cleaning contractor or one retail
company. These problems pervade the
entire retail janitorial industry in
Minnesota and throughout the U.S.
This report documents wage theft by
seven cleaning contractors currently
operating in the Twin Cities metro area:
- Capital Building Services;
- Carlson Building Maintenance
- Diversified Maintenance Systems
- KBS(Kellermeyer-Bergenson Services)
- Kimco Services (formerly Eurest)
- Prestige Maintenance USA
- ROC Commercial Cleaning

These contractors provide janitorial
services to the following stores in the
Twin Cities:
- Best Buy
- Cub Foods
- H&M
- Herbergers
- Home Depot
- JC Penneys
- Kmart
- Kohl’s
- Lund’s and Byerly’s
- Macy’s
- Marshall’s and TJ Maxx
- Michael’s
- Sears
- Target

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Capital Building Services
Headquarters: Lake Zurich, IL

Founded: 1987

Executives: Rick Aiello, President
Stores they clean in the Twin Cities area: Macy’s, Herberger’s
Total Employees: N/A
Wage and Hour Abuses
 In May 2015, eight janitors who clean Macy’s and Herberger’s stores in the
Twin Cities metro area filed a class action lawsuit against Capital.1 The
lawsuit alleges that in some cases employees’ wages were as little as $4 or
$5 an hour and describes Capital’s violations of wage and hour laws as
“systematic and severe,” including:
 Minimum wage violations
 Overtime violations
 Under-reporting of hours worked
 Unreimbursed expenses
 Uncompensated travel time
 In her book Wage Theft in America, author Kim Bobo describes a case in
which the Cincinnati Workers Center helped four workers recover the wages
they were owed by Capital Building Services.2

CAPITAL BUILDING WORKER:
Leticia Zuniga,
who cleans a Herberger’s store
"It is not fair that Capital would take
away part of our pay. They are taking
money out of the pockets of our
families."

Carlson Building Maintenance
Headquarters: White Bear Lake, MN

Founded: 1978

Executives: President Nick Geise and CEO Rob Hamme
Stores they clean in the Twin Cities area: Byerlys, Coborns, Cub Foods,
Festival Foods, Jerry’s Foods, Lunds, Rainbow Foods,
Total Employees (nationwide): 500
Wage and Hour Abuses:
Carlson was investigated by the Department of Labor which found that
Carlson owed back wages to 242 of its employees.3
-----------------------------------------------------------------------------------------------------------------------------------CARLSON BUILDING WORKER:
Maricela Flores
“I clean a Target store from 4am-10am. I
have four children and the wage I make does
not stretch enough to be able to provide all the
basic needs for my family. My wages are so low
that I now have to share a home with another
family and rely on food stamps to be able to
feed my kids.
I am not the only one. All of my co-workers
face the same low wages and have a workload
that is more than we can finish in the 6 hours
we are given to clean a store. Our workload is
too high and our wages are too low.”

Diversified Maintenance Services
Headquarters: Tampa, FL

Founded: 1990

Executives: President Peter Belusic and CFO Patrick J. Sheil
Stores they clean in the Twin Cities area: Kmart, Sears
Total Employees: 10,000+
Wage and Hour Abuses:
In the last 10 years, Diversified Maintenance has settled at least 10 private
lawsuits, and there have been at least six investigations by the Department of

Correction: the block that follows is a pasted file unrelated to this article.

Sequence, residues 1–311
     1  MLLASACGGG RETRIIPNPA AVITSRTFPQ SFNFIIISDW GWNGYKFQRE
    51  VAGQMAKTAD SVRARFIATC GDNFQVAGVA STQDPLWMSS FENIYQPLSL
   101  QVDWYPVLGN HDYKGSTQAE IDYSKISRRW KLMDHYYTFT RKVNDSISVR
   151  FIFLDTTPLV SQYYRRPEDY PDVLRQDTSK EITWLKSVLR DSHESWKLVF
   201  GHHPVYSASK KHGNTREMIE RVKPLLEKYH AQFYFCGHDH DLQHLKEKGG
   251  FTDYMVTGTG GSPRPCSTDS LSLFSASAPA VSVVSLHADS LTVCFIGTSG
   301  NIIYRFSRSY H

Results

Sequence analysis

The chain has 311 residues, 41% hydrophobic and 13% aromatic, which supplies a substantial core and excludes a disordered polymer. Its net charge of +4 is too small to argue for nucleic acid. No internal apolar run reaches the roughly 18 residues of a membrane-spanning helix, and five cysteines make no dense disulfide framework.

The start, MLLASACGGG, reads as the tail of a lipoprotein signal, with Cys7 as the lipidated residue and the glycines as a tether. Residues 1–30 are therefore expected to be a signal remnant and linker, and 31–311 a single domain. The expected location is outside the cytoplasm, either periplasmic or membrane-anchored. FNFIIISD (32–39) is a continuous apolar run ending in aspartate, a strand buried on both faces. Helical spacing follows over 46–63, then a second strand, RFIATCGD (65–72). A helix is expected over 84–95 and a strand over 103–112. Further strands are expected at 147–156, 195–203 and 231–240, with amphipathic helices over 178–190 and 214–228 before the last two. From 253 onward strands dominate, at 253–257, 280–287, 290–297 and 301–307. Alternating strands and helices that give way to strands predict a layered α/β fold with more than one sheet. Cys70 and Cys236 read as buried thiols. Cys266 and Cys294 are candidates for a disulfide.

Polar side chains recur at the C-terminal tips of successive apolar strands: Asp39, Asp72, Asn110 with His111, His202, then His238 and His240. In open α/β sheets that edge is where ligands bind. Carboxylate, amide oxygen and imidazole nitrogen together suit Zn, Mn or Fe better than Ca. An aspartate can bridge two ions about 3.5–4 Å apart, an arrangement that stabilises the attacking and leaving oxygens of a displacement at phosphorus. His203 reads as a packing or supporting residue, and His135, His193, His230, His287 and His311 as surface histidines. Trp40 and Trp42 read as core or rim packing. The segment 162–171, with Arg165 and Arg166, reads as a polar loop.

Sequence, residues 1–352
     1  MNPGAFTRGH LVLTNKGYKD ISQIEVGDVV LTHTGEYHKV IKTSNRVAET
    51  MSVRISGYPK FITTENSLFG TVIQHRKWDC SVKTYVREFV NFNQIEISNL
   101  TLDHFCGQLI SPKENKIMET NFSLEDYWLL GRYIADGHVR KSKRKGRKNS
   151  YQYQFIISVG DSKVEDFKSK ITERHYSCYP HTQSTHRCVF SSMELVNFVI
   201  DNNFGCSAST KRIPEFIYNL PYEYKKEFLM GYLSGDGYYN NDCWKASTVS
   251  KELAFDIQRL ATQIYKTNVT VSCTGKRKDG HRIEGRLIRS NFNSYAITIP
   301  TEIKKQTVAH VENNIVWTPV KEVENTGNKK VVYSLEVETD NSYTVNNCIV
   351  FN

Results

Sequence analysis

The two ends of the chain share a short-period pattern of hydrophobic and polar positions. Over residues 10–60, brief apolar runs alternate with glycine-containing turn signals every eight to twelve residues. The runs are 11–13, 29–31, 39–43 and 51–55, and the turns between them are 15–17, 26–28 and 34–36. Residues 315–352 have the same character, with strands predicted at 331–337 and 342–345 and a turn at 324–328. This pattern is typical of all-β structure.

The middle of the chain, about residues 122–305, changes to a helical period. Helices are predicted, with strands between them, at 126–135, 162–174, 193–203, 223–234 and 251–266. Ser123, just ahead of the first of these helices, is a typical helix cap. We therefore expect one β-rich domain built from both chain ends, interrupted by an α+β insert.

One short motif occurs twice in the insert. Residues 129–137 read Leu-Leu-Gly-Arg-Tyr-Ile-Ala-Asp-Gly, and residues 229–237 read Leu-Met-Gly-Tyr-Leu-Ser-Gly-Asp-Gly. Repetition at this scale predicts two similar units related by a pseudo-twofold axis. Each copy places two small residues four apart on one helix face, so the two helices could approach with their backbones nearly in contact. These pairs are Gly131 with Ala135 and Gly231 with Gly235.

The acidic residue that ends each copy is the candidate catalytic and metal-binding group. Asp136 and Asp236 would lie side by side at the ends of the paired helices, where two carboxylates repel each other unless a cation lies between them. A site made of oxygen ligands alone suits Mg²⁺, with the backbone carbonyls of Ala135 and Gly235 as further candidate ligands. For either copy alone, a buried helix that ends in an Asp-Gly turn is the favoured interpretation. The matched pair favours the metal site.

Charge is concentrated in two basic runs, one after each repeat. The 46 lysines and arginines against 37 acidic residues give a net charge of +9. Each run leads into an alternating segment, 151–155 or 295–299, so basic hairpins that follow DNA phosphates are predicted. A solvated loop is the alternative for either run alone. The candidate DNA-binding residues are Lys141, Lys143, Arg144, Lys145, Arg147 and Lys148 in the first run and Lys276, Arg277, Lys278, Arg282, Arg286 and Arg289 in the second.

Labor, alleging violations of minimum wage and overtime laws.
 In 2014, Diversified paid $675,000 to settle a class action suit
brought by workers who cleaned Target, Kmart and Sears stores in
Minnesota.”4

In 2011 Diversified settled a lawsuit by a New York employee who
charged that the company didn’t pay him overtime although he had to
work eighty-four hours a week.5

In 2009 Diversified settled a lawsuit which charged that the company
“repeatedly and willfully” failed to pay employees for overtime, and
that this was a “company-wide” policy.6

-----------------------------------------------------------------------------------------------------------------------------------------------------------------------------------------------------------------------------------------------

DIVERSIFIED WORKER:
Leticia Baeza
“I worked as a cleaner for Diversified Maintenance for
about 4 ½ years. I worked 8 hours per night, seven
days a week without a day off, to be able to make
extra money. However, I was not paid time and a half
for 8 of the hours every week.”

KBS (Kellermeyer Bergenson Services)
Headquarters: Maumee, OH

Founded: 1984

Executives: CEO Mark Minasian
Stores they clean in the Twin Cities area: Apple, Best Buy, H&M,
Marshall’s, Office Max, TJ Maxx
Total Employees (nationwide): 11,000 direct employees plus a
network of subcontractors
Wage and Hour Abuses:
 KBS operates under a model of using subcontractors who hire janitors as
“independent subcontractors.” This type of arrangement has come under
increased scrutiny by the U.S. Department of Labor, which stated that the
mis-classification of employees as “independent contractors” is a serious
problem since workers are often denied critical benefits and protections they
are entitled to, such as family and medical leave, overtime pay, minimum
wage, workers compensation, and unemployment insurance.
 Over 30 employees of KBS subcontractors have come forward and contacted
CTUL about not being paid their full wages – over $20,000 in the last year
alone. CTUL has helped many of these workers recover the compensation
they are owed, and the cases of some workers are
being investigated by the Department of Labor.
KBS SUBCONTRACTOR WORKER:
David Jimenez
“I was hired by a subcontractor of KBS to go to Chicago to
clean Walgreens and T-Mobiles stores. I worked up to 18